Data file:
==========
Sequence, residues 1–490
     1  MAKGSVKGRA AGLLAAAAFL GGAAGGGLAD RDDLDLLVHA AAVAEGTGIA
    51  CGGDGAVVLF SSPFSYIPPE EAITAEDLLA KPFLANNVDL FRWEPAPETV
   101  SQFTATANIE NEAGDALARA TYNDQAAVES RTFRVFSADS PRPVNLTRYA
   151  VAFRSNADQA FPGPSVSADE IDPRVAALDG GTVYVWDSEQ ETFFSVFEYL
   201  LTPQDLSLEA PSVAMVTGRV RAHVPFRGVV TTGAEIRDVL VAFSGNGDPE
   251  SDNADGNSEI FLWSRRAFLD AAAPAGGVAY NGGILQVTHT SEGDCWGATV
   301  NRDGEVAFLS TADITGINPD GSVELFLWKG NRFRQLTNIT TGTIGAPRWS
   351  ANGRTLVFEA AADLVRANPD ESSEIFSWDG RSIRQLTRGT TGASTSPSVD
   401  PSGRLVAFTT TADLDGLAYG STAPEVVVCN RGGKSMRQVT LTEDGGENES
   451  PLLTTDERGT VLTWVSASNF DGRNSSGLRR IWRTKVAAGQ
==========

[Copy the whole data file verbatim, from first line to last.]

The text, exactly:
Sequence, residues 1–490
     1  MAKGSVKGRA AGLLAAAAFL GGAAGGGLAD RDDLDLLVHA AAVAEGTGIA
    51  CGGDGAVVLF SSPFSYIPPE EAITAEDLLA KPFLANNVDL FRWEPAPETV
   101  SQFTATANIE NEAGDALARA TYNDQAAVES RTFRVFSADS PRPVNLTRYA
   151  VAFRSNADQA FPGPSVSADE IDPRVAALDG GTVYVWDSEQ ETFFSVFEYL
   201  LTPQDLSLEA PSVAMVTGRV RAHVPFRGVV TTGAEIRDVL VAFSGNGDPE
   251  SDNADGNSEI FLWSRRAFLD AAAPAGGVAY NGGILQVTHT SEGDCWGATV
   301  NRDGEVAFLS TADITGINPD GSVELFLWKG NRFRQLTNIT TGTIGAPRWS
   351  ANGRTLVFEA AADLVRANPD ESSEIFSWDG RSIRQLTRGT TGASTSPSVD
   401  PSGRLVAFTT TADLDGLAYG STAPEVVVCN RGGKSMRQVT LTEDGGENES
   451  PLLTTDERGT VLTWVSASNF DGRNSSGLRR IWRTKVAAGQ